We are not ready, that is the result and how is it going to be a year or two years later when it gets implemented, we would be better ready whichever be the way. I think we will all be better prepared to implement, in whatever form it is going to come in.

Particularly for infra companies, there is one laborious Standard that would have put enormous burden on infra companies to be prepared for this kind of situation.

Doshi: What do you make of in the interim -whether there will be some form of international push back, whether there will be some form of oh you didnít live up to the commitments or some form of image rubbishing?

Pai: I am right now in London in an international forum, I donít want to say where I am but everybody is asking me what India is going to do? And the reason is India is a member of G20. Our Prime Minister signed a document, along with others, to strive for a single set of high quality accounting standards as a part of G20 declaration and in that the Government of India has made a commitment and everybody expects internationally that India will honor its commitment. The regulatory community is effectively disappointed that India appears not to have led up to its promise because there is still some time.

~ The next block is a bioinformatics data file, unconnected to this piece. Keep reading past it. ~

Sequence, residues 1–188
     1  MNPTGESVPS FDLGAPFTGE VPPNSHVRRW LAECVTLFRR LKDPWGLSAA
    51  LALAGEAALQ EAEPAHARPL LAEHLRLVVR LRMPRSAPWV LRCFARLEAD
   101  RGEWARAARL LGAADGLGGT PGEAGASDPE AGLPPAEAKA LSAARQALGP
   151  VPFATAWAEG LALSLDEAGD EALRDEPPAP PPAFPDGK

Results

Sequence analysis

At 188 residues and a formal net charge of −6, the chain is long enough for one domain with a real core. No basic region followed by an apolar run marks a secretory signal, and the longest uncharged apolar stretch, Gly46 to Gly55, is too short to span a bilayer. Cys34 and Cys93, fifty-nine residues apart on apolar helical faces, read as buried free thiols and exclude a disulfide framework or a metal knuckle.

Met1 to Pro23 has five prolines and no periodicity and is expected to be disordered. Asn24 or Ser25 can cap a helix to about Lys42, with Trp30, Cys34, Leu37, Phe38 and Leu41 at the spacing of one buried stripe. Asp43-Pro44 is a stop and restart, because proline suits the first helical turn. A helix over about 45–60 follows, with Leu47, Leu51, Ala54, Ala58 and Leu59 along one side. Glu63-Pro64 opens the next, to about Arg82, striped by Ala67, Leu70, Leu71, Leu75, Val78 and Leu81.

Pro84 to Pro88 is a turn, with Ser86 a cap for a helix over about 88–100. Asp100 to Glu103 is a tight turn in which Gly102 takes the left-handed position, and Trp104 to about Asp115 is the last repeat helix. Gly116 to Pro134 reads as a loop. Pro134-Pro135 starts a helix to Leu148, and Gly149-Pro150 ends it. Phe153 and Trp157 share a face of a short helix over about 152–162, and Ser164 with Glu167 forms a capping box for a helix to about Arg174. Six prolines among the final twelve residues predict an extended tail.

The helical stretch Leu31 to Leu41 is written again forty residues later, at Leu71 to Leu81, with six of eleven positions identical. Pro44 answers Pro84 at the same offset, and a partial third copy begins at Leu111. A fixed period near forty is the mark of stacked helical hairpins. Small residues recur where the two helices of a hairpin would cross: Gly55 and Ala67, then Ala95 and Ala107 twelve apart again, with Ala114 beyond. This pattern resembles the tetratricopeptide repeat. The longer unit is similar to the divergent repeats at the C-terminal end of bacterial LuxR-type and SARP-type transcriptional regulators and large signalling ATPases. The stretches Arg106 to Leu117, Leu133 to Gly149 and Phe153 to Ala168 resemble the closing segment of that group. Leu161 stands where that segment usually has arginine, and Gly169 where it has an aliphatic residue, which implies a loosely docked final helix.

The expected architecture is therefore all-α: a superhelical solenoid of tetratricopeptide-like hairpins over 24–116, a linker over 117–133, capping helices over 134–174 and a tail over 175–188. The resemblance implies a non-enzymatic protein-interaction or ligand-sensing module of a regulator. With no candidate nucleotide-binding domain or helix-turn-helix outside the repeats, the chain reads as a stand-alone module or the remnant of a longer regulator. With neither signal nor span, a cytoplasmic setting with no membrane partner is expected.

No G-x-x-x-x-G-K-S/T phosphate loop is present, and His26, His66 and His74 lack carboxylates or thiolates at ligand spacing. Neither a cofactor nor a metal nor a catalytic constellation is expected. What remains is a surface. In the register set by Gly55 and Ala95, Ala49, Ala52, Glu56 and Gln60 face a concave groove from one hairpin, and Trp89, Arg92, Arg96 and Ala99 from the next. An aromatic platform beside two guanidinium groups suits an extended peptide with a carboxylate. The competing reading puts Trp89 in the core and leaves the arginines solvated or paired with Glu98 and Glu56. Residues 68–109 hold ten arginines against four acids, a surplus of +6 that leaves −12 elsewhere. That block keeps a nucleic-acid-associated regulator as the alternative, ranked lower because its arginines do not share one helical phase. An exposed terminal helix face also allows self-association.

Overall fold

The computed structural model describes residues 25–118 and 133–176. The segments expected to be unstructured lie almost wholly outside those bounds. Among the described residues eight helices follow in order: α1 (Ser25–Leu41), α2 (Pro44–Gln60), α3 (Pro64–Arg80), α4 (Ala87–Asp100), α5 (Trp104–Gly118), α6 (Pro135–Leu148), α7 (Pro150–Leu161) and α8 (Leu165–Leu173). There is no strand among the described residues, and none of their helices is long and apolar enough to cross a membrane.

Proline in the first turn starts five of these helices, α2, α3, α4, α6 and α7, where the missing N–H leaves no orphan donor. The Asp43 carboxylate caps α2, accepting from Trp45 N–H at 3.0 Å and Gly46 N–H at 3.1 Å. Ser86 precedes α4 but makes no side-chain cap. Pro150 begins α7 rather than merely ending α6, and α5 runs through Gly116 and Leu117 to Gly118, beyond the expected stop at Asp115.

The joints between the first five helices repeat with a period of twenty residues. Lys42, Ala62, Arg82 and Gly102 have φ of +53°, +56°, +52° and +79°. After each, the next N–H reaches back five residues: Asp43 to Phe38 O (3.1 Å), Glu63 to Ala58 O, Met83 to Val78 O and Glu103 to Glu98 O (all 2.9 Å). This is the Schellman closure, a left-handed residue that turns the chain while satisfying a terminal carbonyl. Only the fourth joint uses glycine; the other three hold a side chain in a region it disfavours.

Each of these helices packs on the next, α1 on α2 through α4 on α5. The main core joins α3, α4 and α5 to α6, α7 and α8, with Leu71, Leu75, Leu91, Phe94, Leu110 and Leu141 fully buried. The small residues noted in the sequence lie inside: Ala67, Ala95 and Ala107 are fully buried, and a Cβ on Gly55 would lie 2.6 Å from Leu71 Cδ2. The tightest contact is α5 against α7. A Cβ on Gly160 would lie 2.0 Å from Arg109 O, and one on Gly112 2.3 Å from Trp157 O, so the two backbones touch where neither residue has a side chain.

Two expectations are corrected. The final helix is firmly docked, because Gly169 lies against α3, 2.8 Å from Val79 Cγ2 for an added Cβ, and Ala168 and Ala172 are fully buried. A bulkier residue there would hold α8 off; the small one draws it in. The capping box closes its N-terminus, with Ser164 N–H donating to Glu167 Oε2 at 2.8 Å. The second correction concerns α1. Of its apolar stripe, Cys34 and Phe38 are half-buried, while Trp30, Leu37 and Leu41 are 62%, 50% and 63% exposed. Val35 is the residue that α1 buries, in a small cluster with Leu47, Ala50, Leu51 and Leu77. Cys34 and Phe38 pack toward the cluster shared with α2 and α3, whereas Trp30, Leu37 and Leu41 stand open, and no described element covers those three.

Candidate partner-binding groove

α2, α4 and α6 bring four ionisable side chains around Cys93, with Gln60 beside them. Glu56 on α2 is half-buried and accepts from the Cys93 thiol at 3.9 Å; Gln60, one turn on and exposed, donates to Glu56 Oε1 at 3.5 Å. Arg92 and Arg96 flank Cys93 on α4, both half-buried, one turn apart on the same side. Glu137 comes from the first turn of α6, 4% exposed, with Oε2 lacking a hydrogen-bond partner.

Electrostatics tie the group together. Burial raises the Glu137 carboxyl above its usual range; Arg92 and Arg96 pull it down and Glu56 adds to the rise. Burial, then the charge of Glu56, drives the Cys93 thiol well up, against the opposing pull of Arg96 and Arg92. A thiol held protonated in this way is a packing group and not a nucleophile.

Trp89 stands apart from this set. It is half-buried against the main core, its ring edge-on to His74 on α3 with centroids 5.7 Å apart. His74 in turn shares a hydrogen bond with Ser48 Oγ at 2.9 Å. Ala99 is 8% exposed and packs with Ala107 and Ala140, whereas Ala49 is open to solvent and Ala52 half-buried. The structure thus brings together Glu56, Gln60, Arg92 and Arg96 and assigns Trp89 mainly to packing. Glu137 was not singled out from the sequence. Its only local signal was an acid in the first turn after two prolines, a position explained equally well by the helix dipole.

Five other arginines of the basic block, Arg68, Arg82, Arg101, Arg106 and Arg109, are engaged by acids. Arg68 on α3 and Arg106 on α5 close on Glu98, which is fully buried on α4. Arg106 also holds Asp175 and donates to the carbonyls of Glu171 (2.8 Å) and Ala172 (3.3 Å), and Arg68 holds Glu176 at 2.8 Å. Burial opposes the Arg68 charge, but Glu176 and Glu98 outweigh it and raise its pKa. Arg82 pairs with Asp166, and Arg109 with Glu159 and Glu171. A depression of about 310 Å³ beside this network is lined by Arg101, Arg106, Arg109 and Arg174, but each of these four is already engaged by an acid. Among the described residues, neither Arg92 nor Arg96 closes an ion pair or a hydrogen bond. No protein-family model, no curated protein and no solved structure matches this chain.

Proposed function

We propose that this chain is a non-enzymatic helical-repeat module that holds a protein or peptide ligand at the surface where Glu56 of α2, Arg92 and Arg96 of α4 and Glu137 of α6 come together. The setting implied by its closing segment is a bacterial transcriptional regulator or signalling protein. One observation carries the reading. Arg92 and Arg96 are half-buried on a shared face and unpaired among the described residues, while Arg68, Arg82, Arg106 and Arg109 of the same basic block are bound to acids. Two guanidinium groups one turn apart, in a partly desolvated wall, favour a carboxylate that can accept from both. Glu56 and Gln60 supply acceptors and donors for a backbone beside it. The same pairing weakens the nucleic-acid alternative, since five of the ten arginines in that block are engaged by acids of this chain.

So, I think, itís very important for all of us to sit back and see how you make sure, as part of G20, that we discharge our duties and we are seen to be part of the international community on this and I think the way to do this is to say- alright we have challenged our tax laws, we could not amend them but for consolidated accounts, we would like them to follow either IFRS or Ind-AS, with or without carve-outs, so that lets get along.

Doshi: Is that what we are going to end up with as the most doable solution over the course of at least the next 12 months or this fiscal year and that is that we apply to consolidated account, it has no impact on tax and broadly we have at least met part of our commitment?

Venkatram: I have always held the view that we have to think it in terms of consolidated IFRS accounts; in fact if you look at meaningful IFRS account, they are the consolidated accounts.

Doshi: I think that is what large part of Europe does?

Venkatram: The only constraint that we have in our system is one that dividends are not paid on the consolidated accounts; itís based on standalone accounts. So you still have a bit of a mismatch in terms of dividend payouts.

Doshi: Mr Chatterjee, your disappointment and my criticism aside, does that sound like a doable solution?